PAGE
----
• Acoustic radiation
    The acoustic radiations or auditory radiations are structures found in the brain, in the ventral cochlear pathway, a part of the auditory system.
  • Causes of transsexuality
    The study of the causes of transsexuality investigates gender identity formation of transgender people, especially those who are transsexual.
  • Supraoptic nucleus
    The supraoptic nucleus (SON) is a nucleus of magnocellular neurosecretory cells in the hypothalamus of the mammalian brain.
  • Endocannabinoid system
    The endocannabinoid system (ECS) is a group of endogenous cannabinoid receptors located in the mammalian brain and throughout the central and peripheral nervous systems, consisting of neuromodulatory lipids and their receptors.
  • Alpha-GPC
    L-Alpha glycerylphosphorylcholine (alpha-GPC, choline alfoscerate) is a natural choline compound found in the brain.
  • Neurogenetics
    Neurogenetics studies the role of genetics in the development and function of the nervous system.
  • Anabaseine
    Anabaseine (3,4,5,6-Tetrahydro-2,3’-bipyridine) is an alkaloid toxin produced by Nemertines and Aphaenogaster ants.
  • Thought identification
    Thought identification refers to the empirically verified use of technology to, in some sense, read people's minds.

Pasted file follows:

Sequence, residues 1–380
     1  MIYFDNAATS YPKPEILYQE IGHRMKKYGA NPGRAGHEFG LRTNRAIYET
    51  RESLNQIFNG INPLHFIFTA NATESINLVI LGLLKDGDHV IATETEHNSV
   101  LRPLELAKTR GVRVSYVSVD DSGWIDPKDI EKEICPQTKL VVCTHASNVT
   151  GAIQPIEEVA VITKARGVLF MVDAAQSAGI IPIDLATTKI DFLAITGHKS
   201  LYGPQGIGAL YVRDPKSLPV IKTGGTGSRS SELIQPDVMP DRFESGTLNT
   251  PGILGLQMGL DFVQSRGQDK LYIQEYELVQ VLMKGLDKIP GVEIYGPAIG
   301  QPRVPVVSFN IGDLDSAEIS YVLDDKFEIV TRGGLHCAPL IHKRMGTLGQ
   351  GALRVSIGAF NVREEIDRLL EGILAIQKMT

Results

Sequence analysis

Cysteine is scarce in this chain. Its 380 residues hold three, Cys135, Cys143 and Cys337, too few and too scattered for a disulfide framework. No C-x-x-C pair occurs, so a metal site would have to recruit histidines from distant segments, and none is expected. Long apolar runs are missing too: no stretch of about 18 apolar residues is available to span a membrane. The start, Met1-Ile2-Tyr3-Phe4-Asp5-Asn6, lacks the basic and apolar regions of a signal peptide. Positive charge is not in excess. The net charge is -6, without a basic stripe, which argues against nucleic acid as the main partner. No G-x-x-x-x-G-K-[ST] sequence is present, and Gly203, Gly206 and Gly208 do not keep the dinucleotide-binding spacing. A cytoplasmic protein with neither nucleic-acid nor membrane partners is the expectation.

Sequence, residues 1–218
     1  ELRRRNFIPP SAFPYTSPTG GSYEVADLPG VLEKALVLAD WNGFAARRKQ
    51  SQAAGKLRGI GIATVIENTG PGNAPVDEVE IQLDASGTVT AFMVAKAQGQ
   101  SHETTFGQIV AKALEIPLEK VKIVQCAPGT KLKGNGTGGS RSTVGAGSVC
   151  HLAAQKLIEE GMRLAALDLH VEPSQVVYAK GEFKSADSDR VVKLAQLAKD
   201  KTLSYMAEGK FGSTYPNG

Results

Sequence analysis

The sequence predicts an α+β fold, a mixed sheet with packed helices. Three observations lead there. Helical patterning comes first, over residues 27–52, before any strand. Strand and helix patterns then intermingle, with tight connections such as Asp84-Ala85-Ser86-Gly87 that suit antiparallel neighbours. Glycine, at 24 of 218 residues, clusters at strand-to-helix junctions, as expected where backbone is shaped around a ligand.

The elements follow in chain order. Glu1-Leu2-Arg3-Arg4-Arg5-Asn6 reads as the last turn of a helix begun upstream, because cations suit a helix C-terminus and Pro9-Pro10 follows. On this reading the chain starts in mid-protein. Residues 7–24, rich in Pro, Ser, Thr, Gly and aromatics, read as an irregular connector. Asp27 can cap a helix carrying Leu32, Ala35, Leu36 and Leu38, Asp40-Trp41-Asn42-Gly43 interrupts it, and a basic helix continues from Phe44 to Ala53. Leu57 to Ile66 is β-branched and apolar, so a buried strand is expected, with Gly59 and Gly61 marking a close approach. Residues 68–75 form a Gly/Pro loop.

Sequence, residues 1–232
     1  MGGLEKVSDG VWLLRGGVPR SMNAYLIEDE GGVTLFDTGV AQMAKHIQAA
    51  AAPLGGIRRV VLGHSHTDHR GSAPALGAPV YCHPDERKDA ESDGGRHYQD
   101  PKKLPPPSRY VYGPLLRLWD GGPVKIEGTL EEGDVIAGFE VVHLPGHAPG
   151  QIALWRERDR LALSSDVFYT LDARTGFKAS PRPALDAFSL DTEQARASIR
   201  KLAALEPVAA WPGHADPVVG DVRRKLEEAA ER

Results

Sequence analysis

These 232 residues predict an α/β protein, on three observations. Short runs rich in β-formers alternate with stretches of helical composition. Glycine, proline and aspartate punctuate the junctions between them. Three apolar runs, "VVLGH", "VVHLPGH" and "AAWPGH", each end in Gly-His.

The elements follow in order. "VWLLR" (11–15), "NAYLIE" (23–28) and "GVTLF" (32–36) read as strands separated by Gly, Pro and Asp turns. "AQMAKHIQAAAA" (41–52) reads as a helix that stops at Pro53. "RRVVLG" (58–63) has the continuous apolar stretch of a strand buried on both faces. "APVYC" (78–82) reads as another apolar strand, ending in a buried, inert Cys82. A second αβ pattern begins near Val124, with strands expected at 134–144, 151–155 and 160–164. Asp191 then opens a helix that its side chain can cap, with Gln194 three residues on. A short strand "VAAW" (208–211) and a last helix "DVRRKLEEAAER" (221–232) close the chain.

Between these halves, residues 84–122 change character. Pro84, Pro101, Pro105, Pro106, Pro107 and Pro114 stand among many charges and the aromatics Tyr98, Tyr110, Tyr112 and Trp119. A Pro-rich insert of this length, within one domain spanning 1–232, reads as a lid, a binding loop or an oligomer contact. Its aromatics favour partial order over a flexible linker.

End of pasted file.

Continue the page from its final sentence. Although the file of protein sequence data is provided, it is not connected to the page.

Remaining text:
• Surface wave detection by animals
    Surface wave detection by animals is the process by which animals, such as surface-feeding fish are able to sense and localize prey and other objects on the surface of a body of water by analyzing features of the ripples generated by objects' movement at the surface.
  • Intention tremor
    Intention tremor, also known as cerebellar tremor, is a dyskinetic disorder characterized by a broad, coarse, and low frequency (below 5 Hz) tremor.
  • Epineurial repair
    Epineurial repair is a common surgical procedure to repair a nerve laceration via the epineurium, the connective tissue surrounding nerve fibers originating from the spinal cord.
  • Consciousness after death
    Consciousness after death is a common theme in society and culture in the context of life after death.